The Ticket

Conservatives make John Boehner’s life difficult—again

Chris Moody, Yahoo News
The Ticket

WASHINGTON—Conservatives panned the House Republican proposal released Monday to avoid the so-called fiscal cliff, yet again giving House Speaker and lead negotiator John Boehner little room to maneuver as he works toward a deal with the White House.

The proposal includes extending current tax rates for all income levels and raising revenue by closing loopholes in the tax code.

"Rarely in modern American politics have more counterproductive, more foolish words been set to paper," wrote researchers at the Heritage Foundation in response to part of the letter sent to the White House from seven House leaders that outlined the Republican plan. The Heritage analysis, co-written by Alison Acosta Fraser and J.D. Foster, went on to say: "[T]he Republican counteroffer, to the extent it can be interpreted from the hazy details now available, is a dud. It is utterly unacceptable. It is bad policy, bad economics, and, if we may say so, highly questionable as a negotiating tactic."

Heritage's response echoed the sentiment of many conservatives in Washington who are urging House Republicans to avoid cutting a deal with the president if it means raising taxes.

In an open letter signed by more than 100 prominent conservative activists and organized by the advocacy group Let Freedom Ring, House Republicans were warned that they would not receive support in the future if they "cave" during negotiations.

"In the House, the nation elected in 2012 one of the largest Republican majorities in the past 100 years. You have a mandate to fight for conservative principles that is arguably much broader than the one that narrowly reelected President Barack Obama claims to have for his leftist agenda," the letter read. It was signed by Republican activists like Richard Viguerie, Leadership Institute founder Morton Blackwell, Eagle Forum founder Phyllis Schlafly, Media Research Center President Brent Bozell and Republican donor Foster Friess.

"And if Republicans cave in now, when it really counts," the letter continued, "next time you will be weaker, because your conservative base will be outraged. Many who worked hard to elect you in the past will never lift a finger for you again."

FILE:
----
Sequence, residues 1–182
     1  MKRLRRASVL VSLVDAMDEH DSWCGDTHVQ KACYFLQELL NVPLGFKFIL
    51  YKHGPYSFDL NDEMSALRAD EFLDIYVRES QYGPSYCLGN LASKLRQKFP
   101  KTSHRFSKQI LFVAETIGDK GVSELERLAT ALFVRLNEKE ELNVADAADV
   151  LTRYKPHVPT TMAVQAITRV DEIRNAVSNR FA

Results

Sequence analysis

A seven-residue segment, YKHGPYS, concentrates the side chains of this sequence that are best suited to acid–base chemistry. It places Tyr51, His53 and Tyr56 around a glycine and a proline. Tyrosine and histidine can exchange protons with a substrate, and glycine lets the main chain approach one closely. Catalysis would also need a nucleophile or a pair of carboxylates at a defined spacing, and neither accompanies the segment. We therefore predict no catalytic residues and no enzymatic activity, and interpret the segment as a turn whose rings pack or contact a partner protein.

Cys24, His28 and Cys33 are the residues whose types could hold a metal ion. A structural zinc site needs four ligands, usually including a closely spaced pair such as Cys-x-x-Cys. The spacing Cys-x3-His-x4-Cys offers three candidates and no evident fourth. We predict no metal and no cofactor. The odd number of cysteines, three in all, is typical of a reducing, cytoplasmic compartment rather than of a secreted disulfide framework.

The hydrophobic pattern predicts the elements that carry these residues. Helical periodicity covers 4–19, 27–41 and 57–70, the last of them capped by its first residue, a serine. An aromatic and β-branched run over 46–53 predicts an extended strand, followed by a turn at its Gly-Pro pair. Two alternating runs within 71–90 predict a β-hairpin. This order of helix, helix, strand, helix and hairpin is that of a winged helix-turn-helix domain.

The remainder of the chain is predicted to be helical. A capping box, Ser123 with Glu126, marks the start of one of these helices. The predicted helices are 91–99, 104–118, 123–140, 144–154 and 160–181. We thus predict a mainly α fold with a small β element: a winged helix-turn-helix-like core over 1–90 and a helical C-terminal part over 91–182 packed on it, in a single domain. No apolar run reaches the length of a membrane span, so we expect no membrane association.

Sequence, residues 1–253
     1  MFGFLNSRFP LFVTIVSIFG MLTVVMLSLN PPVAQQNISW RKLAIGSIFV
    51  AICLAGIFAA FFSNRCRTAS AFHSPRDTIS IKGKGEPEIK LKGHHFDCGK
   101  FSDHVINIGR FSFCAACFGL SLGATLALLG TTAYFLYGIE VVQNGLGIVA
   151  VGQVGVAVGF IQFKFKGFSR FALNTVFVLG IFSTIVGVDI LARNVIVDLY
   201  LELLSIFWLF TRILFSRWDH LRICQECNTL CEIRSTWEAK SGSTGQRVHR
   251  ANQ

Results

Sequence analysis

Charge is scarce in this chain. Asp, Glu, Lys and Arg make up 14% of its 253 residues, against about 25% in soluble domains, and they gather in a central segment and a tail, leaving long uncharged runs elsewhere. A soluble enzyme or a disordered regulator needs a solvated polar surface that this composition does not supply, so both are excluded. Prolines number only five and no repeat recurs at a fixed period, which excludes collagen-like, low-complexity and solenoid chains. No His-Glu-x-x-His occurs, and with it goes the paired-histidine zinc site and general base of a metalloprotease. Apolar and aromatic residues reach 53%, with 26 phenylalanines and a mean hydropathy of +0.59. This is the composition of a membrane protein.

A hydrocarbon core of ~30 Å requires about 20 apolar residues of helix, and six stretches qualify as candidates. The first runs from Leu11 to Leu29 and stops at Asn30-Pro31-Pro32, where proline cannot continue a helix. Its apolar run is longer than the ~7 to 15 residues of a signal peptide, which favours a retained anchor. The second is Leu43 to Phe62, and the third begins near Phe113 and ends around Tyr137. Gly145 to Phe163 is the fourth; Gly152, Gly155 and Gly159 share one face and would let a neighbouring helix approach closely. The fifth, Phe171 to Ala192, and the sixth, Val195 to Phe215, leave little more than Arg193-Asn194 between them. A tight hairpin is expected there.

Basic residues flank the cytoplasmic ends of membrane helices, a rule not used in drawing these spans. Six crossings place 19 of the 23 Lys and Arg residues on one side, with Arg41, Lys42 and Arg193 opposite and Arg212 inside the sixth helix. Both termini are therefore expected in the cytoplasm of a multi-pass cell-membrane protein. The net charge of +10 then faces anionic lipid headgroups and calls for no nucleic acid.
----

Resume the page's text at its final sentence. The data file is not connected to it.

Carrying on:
In the Senate on Tuesday, South Carolina Republican Sen. Jim DeMint, one of the tea party's staunchest allies in the upper chamber, accused House Republicans of promoting a plan that would "destroy American jobs."

DeMint's remarks this week, however, seemed to be somewhat of a departure from his characterization of a possible deal before the election, when he said Republicans who don't want to see the automatic defense spending reductions set to automatically trigger next year go into effect "might as well cut a deal" that includes tax increases.

"You can't get a deal with Obama without raising taxes on the producing class of folks," DeMint said in September, according to a report by Bloomberg News. "We might as well cut a deal. If Republicans want to maintain the defense, we're going to have to give tax increases to Obama."

In a statement to Yahoo News, DeMint's spokesman moved to clarify the remarks, saying that he had "simply stated the obvious" and would never support a plan with more taxes.

"Before the election, he simply stated the obvious, that Obama would try to use a lame-duck session to rush through tax hikes that will hurt the economy," DeMint spokesman Wesley Denton said. "His point then was that if Republican leadership wasn't going to stand strong against tax hikes in the lame-duck, they might as well be honest with voters before the election. Sadly, his predictions have proven correct and his long opposition to tax hikes that destroy jobs hasn't changed."

The conservative backlash, of course, could amount to mere noise as Boehner continues his negotiations with the president in search of a deal. The speaker and his allies in the House have spent two years navigating the thorn-riddled path between his party's conservative base and Obama's demands.

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